Sooner or later, San Antonio Film Festival (SAFILM) director and founder Adam Rocha thinks a hometown filmmaker will emerge to tell stories about the Alamo City, much like Spike Lee does with Brooklyn, New York, and Kevin Smith with Red Bank, New Jersey.
“We want to give birth to a filmmaker from San Antonio who can do the same,” Rocha told the Current. “We want someone to tell the great stories we have here.”
Celebrating its 24th year in the community, SAFILM has seen a host of local filmmakers like Ya’Ke Smith (Katrina’s Son), Bryan Ortiz (Doctor S Battles the Sex Crazed Reefer Zombies) and Eric Fonseca (Funeral March for a Marionette) compete with movies from around the world during the festival.
This year, the festival, which takes place August 1-5, is no different. Rocha said the number of projects directed by San Antonio filmmakers is at one of the highest levels he’s ever seen. Some of these local films include Tía Chuck: A Portrait of Chuck Ramirez by Angela and Mark Walley; Cornyation by Dave Sims; and Mr. Zoot Suit by Chan’Cellore Makanjuola.
The jury is still out on whether this year’s group will produce the next big-name director like Lee or Smith, but the hunger of local filmmakers is more evident each year SAFILM comes around.
“I’m really happy and excited about all the San Antonio filmmakers we have screening their work this year,” Rocha said. “The filmmaking community is definitely growing.”
Another local filmmaker participating in SAFILM this year is Alexia Salingaros. Currently studying film at New York University, Salingaros is a graduate of Saint Mary’s Hall. Her new short film Junction gives viewers a surreal glimpse into the loving, albeit painful, relationship between two women who find themselves on an emotional journey with one another. Salingaros flew from New York to San Antonio with a “micro-team” of five crew members to shoot Junction in her hometown.
“My hope for this film is that it may connect with each viewer uniquely,” Salingaros said. “This film marks my transition into a higher level of filmmaking — from high school to college. This is a film that does not shy away from getting lost in a fantastical yet brutally honest world. I can’t wait to share it with the community.”
For local filmmaker Raymond Ramos, SAFILM is a platform where he can showcase his work as a filmmaker who is looking to “invoke feelings” with the films he creates. In his new short project ADAM, Ramos tells the true story of the events that led to the suicide of a bullied high school student inside his classroom and how his death affected one of his friends.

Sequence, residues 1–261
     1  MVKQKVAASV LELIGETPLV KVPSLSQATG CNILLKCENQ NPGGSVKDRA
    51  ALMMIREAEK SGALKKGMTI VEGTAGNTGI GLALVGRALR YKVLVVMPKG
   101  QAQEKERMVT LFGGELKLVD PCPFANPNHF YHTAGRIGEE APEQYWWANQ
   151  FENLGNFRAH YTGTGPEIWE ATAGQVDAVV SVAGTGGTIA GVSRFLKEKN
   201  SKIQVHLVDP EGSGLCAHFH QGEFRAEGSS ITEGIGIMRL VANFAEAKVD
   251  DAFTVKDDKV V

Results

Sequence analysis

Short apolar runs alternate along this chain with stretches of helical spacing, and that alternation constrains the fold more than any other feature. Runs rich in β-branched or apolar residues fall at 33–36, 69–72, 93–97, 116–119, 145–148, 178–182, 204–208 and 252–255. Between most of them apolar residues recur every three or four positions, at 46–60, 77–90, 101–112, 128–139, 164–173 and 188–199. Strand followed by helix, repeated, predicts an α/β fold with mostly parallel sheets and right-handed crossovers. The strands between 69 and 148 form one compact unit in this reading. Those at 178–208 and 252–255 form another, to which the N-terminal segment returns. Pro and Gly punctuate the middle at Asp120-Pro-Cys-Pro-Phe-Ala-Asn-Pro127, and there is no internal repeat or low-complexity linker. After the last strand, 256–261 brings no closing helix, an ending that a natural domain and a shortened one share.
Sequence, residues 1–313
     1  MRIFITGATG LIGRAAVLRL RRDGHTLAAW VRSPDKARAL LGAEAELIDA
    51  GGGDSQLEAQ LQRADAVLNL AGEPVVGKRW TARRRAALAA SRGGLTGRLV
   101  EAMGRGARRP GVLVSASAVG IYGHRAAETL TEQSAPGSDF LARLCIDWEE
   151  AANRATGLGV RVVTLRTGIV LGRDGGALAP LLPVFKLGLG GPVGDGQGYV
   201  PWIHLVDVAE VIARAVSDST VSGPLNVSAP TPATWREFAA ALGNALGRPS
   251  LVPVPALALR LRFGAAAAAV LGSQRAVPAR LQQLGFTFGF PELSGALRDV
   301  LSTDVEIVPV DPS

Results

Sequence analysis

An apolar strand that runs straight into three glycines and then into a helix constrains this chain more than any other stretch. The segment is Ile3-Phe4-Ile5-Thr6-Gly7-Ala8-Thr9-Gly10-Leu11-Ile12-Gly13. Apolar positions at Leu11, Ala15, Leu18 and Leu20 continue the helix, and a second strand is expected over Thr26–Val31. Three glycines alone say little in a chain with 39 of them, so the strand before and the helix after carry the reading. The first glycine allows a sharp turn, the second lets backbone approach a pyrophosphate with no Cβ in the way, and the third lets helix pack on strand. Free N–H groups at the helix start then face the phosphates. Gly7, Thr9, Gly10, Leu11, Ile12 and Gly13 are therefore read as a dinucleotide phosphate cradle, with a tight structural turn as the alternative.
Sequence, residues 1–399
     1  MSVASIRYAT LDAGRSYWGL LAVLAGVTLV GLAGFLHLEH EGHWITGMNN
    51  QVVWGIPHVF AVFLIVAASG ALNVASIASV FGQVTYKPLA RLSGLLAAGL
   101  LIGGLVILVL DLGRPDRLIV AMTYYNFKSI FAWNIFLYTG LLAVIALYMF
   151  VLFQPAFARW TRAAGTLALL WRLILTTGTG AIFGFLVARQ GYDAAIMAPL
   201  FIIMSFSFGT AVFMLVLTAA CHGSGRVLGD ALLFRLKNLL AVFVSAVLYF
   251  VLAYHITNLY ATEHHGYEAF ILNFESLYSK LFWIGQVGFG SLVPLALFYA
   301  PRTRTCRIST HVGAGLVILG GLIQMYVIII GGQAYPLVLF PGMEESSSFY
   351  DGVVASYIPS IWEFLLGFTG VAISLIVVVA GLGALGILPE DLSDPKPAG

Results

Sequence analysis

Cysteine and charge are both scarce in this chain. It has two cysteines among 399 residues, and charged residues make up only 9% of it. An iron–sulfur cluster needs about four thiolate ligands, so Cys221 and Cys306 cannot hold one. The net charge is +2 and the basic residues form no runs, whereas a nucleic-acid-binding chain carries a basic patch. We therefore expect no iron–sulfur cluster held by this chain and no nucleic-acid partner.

“Filmmaking is about getting a reaction from your audience,” Ramos said. “I want to make films that leave you thinking about them after you see them.”
Also screening his new movie is local filmmaker Sam Lerma. Recently, Lerma stepped away from his position as an instructor and director of production at the Film School of San Antonio at Harlandale after eight years, so he could focus more attention on his film and commercial career. In his half-hour film Eastpoint: An Art Documentary, Lerma centers his story on the art curriculum in the Eastpoint public schools and shows how arts education “helps nurture creativity and leads to better student performance.”
“As an art lover, and a creative myself, I feel it was important to document the impact of art on the children in Eastpoint,” Lerma said. “Art is an important component to a child’s education. I feel it deserves more respect than it’s given, especially in the current climate. We need art in the classroom. It should be a part of every child’s curriculum.”
Local filmmaker Kaitlyn Rosas is someone who benefited from going to a school where art was a key element in her education. A recent graduate of the North East School of the Arts, she is screening Holy Ground, a short documentary on the Canary Islanders of Villa de San Fernando and the deep roots they have in San Antonio. As an 11th generation descendent of the Canary Islands, Rosas encourages others to become curious about family history and ask questions about their origins. She looks forward to telling more of these stories in the future as a San Antonio-based filmmaker.
“Our town is so creative and beautifully influenced by the diversity of our cultures,” Rosas said. “I feel it really comes into play with what we bring to the table as filmmakers. We may not be as big as some Texas towns when it comes to film, but I truly believe we are on the rise.”